Effects of facilitation and cueing on labelling of ‘novel’ stimuli by aphasic subjects

Robert C. Marshall, Sandra I. Neuburger, David S. Phillips

Research output: Contribution to journalArticlepeer-review

24 Scopus citations


Facilitation and cueing are integrals to the stimulation approaches to aphasia rehabilitation, but the degree to which these techniques affect untrained responses is rarely documented. This study determined the effects of facilitation and cueing training on aphasic subjects’ labelling of novel stimuli. Twenty-three aphasic adults were trained on facilitation and cueing tasks designed to simulate those used in aphasia therapy. Oral responses were elicited by repetition or sentence-completion cues from the examiner, or with self-cues developed by the subject. Effects of training were assessed with probes administered after each block of training and 1 week after training (follow-up). Normal subjects had little difficulty with training tasks or the probes. Aphasic subjects improved significantly on the training tasks and the probes, but their rate and amount of improvement differed across training conditions. Overall performance on training tasks and probes favoured auditory and combined conditions. Non-rehearsal deleteriously affected training task and probe performance. Aphasic subjects did significantly better on training tasks involving repetition and determinate and indeterminate sentence completion than a self-cue task, but the self-cue training resulted in higher probe means than the repetition and determinate sentence completion task. Although training led to significantly improved probe scores in all conditions, probe means dropped significantly when training was discontinued. The amount of decline approached probe one levels for all conditions except the self-cue condition. The superiority of the self-cue task is discussed in terms of Craik and Lockhart's (1972) levels of processing hypothesis, the need to provide aphasic persons more time for stimulus processing, and subjects’ potential use of imagery strategies. Some potential applications to aphasia therapy are presented. 0268-7038/92 S3-00.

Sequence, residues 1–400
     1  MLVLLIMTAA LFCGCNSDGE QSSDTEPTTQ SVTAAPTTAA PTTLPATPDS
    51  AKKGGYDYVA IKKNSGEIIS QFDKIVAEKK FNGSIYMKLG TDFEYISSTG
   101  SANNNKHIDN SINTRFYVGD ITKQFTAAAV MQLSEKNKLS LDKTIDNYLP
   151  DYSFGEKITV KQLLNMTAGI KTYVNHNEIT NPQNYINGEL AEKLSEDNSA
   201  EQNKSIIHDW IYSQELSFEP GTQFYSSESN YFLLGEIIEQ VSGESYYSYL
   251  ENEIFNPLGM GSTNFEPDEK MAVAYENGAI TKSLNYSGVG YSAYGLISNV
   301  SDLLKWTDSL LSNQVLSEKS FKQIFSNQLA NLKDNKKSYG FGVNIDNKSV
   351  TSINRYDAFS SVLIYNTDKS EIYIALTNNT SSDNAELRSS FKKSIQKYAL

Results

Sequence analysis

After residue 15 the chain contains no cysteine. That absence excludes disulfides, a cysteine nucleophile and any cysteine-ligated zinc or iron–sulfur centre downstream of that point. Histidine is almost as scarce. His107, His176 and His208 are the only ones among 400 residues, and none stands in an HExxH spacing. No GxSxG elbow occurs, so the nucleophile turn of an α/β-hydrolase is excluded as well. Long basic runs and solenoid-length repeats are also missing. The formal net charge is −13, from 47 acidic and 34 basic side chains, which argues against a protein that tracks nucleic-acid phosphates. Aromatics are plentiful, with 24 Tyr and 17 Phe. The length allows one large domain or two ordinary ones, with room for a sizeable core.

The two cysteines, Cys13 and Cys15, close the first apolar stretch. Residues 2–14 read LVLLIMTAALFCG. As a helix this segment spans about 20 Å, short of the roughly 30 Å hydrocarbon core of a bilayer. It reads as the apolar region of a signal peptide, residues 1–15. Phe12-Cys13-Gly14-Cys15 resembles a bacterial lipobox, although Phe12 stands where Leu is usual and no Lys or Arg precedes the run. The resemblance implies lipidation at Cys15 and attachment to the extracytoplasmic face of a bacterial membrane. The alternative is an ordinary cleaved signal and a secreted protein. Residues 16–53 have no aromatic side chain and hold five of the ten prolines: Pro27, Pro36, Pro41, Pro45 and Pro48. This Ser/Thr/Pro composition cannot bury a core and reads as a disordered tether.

Original languageEnglish
Pages (from-to)567-583
Number of pages17
Issue number6
StatePublished - Nov 1 1992

Bibliographical note

Funding Information:
This research was supported by the Medical Research Service of the Department of Veterans Affairs. The authors acknowledge the conceptual suggestions provided by Dr Martin A. Schechter in the planning of the project, and the editoral assistance of Drs Robert H. Brookshire and Joseph R. Du@. Requests for reprints should be sent to Robert C. Marshall, PhD, Speech-Language Pathology (126), Veterans Affairs Medical Center, Portland, Oregon 97207, USA.

ASJC Scopus subject areas

  • Otorhinolaryngology
  • Language and Linguistics
  • Developmental and Educational Psychology
  • Linguistics and Language
  • Neurology
  • Clinical Neurology
  • LPN and LVN


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